I keep telling myself that if I keep writing about spring, glorious spring, then it'll eventually happen.

And, hey, it has. Sunshine, we've had, and even some warmth.

Here's the beginning of one of the oldest poems in Modern (ish) English.

Summer is y-comen in,
Loude sing, cuckoo!
Groweth seed and bloweth mead
And spring'th the woode now -
Sing cuckoo!

Though actually now I come to look at it,there is something slightly impatient about the injunction to the blasted bird to sing.

Perhaps the anonymous writer of this poem had been having an extra long winter, too.

Sing cuckoo, now! Sing, cuckoo!
Sing cuckoo! Sing cuckoo, now!

Not that I've heard a cuckoo, this year, yet. Personally I think they're all sitting wisely in Africa knitting themselves nice jerseys before they venture north.

Word To Use Today: cuckoo. Well, it's obvious where this word came from. Old French cuckoos go cucu, German ones go kuckkuck, and Greek ones kokkux.

Friday 19 April 2013

Word To Use Today: knave.

In Britain, a jack in a pack of cards is sometimes called the knave:

Knave is the older term. It used to be thought much politer than jack, and jack seems to have become common chiefly because the abbreviations for king (K) and knave (Kn) were too easy to confuse when the cards were fanned in the hand.

A knave is always male, and always a villain. The most famous knavish crime is this one:

Queen of Hearts.jpg

Yes, the Knave of Hearts, he stole the tarts. At the end of the story the knave swears he'll steal no more, but who believes that? The man's a knave, after all.

Knave is a glorious word that should have more outings. So, when a driver cuts you up, a brisk shout of you utter knave, you! Is gauranteed to ease the feelings.

Knave will give sterling service when shouting at referees, politicians, and dogs, too.

Of course, if someone really annoys us, then Kent in Shakespeare's King Lear has the last word to describe them:

“A knave; a rascal; an eater of broken meats; a
base, proud, shallow, beggarly, three-suited,
hundred-pound, filthy, worsted-stocking knave; a
lily-livered, action-taking knave, a whoreson,
glass-gazing, super-serviceable finical rogue;
one-trunk-inheriting slave; one that wouldst be a
bawd, in way of good service, and art nothing but
the composition of a knave, beggar, coward, pandar,
and the son and heir of a mongrel bitch...”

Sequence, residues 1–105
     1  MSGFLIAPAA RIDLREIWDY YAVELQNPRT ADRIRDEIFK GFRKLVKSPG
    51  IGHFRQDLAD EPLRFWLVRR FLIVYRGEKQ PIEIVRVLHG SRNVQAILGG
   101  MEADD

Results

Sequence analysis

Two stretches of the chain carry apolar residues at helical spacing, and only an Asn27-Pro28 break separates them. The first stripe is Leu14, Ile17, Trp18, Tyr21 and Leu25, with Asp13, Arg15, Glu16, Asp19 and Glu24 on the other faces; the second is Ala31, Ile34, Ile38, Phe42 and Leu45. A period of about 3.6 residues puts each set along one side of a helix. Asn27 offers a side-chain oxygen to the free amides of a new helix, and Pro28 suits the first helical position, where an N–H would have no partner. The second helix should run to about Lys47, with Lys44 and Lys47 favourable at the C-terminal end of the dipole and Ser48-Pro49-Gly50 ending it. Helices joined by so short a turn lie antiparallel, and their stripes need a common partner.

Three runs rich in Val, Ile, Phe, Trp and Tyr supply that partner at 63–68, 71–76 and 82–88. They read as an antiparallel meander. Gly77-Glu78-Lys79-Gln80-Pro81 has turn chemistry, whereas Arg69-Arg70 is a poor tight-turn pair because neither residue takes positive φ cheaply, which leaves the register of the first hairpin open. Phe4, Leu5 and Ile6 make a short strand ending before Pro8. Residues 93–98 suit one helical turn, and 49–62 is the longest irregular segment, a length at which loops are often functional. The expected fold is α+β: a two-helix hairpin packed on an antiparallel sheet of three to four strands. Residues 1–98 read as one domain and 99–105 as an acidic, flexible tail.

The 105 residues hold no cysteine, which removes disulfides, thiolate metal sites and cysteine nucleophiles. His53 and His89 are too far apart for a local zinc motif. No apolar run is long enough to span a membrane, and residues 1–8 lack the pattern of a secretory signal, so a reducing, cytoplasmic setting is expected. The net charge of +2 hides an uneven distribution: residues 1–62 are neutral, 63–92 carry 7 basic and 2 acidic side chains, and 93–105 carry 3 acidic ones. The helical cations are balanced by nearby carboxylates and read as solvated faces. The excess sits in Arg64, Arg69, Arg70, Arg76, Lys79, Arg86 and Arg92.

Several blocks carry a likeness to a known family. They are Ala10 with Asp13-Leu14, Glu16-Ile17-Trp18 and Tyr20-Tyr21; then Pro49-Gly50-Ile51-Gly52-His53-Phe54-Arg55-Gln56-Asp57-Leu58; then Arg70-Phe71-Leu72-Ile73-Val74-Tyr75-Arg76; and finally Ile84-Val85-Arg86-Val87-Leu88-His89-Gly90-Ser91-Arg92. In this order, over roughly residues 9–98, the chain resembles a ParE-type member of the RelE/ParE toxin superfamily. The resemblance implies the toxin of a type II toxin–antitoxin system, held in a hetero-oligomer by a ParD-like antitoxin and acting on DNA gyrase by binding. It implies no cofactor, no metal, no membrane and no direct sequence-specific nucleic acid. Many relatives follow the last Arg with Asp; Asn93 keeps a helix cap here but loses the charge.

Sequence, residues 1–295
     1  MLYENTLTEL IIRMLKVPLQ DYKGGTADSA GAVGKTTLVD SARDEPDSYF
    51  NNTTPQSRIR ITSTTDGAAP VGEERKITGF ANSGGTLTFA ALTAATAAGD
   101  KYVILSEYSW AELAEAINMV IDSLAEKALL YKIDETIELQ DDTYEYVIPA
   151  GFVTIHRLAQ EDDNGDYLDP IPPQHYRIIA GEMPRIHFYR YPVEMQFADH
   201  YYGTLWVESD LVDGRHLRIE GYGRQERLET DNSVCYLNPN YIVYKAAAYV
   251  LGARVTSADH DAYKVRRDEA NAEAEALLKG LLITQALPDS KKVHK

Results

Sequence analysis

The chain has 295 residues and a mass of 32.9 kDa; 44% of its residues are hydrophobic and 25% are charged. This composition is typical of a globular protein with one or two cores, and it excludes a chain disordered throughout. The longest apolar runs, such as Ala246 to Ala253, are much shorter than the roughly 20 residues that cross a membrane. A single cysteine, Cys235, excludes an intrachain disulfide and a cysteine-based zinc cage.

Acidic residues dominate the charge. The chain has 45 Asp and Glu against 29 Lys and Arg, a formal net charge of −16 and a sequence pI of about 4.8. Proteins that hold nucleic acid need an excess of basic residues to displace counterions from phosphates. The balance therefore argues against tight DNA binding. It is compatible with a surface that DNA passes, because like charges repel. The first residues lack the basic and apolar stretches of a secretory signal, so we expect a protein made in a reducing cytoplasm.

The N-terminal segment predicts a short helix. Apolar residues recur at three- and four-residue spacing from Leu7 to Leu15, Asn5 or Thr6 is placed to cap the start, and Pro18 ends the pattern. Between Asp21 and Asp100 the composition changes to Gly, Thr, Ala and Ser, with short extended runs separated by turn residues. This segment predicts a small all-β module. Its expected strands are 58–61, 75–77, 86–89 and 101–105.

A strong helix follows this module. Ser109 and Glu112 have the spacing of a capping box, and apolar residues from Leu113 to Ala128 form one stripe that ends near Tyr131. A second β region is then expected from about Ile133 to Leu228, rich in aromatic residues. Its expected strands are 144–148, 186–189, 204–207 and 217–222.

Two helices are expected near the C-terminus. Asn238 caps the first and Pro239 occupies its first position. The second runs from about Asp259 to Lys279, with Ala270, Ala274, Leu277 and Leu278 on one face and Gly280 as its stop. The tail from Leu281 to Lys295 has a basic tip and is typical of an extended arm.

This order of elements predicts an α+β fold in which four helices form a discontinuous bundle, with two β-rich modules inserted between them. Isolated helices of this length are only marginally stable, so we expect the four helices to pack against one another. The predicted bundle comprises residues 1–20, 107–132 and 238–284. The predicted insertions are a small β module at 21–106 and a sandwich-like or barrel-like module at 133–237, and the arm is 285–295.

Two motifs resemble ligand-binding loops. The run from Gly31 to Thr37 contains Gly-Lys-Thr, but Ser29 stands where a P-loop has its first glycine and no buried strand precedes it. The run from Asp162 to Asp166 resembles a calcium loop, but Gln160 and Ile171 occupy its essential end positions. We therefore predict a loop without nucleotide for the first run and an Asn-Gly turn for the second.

I think that must cover it.

Word To Use Today: knave. This word comes from the Old English cnafa, and is related to the Old High German knabo, which means boy.


Thursday 18 April 2013

Temporary permanent: a rant.

Look, if you want me to buy your artificial flowers, as your sending of your catalogue suggests, then describing them as almost ephemeral only contradicts the main advantage of the things.

Anyway, how can anything be almost ephemeral?


Word To Use Today: ephemeral. This means lasting only a short time. The word comes from the Greek ephēmeros, lasting only a day, from hēmera, which means day.


Wednesday 17 April 2013

Nuts and Bolts: soramimi.

No, you must remember the Aero song.

One ton of Aero, da-dee-da
One ton of Aero...

Well, that's what it's always sounded like to me, in any case.

It can be difficult to make out the lyrics of a song when it's in your own language, but when a song's in a foreign language things can sometimes get very silly indeed.

That song is really about a girl from Guantanamo:

Guajira Guantanamera...

If the mishearing happens to a lyric in your own language it's called a mondegreen; but from one language to another it's called a soramimi.

I once had a long conversation on a train with a charming young Italian man called Beniamino who wanted to know why the commonest word in English songs wasn't in his dictionary. Everyone, he complained, sang of skirts. Luckily it was a fourteen hour journey, and so we finally did manage to get to the bottom of the problem (his English was about as good as my Italian) which centred on the ubiquity in English song of the word gonna.

Of course every pair of languages throws up the same problem. The Queen song Another One Bites The Dust is in Serbo-Croatian very like "a Radovan baca daske", or "and Radovan is throwing the planks".

And I must say that I personally am still very much intrigued by that happy though foolish young lady Sunny Lemon Tina in the old song Frère Jacques.

Thing To Own Up To Today: a soramimi. This word, 空耳, means mishearing or (feigned) deafness, or empty ear, in Japanese.

Tuesday 16 April 2013

Thing To Do Today: souse.

I don't know what herrings are like in their natural state, but I'm guessing their taste isn't usually much to be savoured, because otherwise why should herrings be so often soused? Sousing involves soaking the things in vinegar or brine, perhaps with the addition of cider, wine, tea, sugar, herbs, spices and chopped onion until they taste of...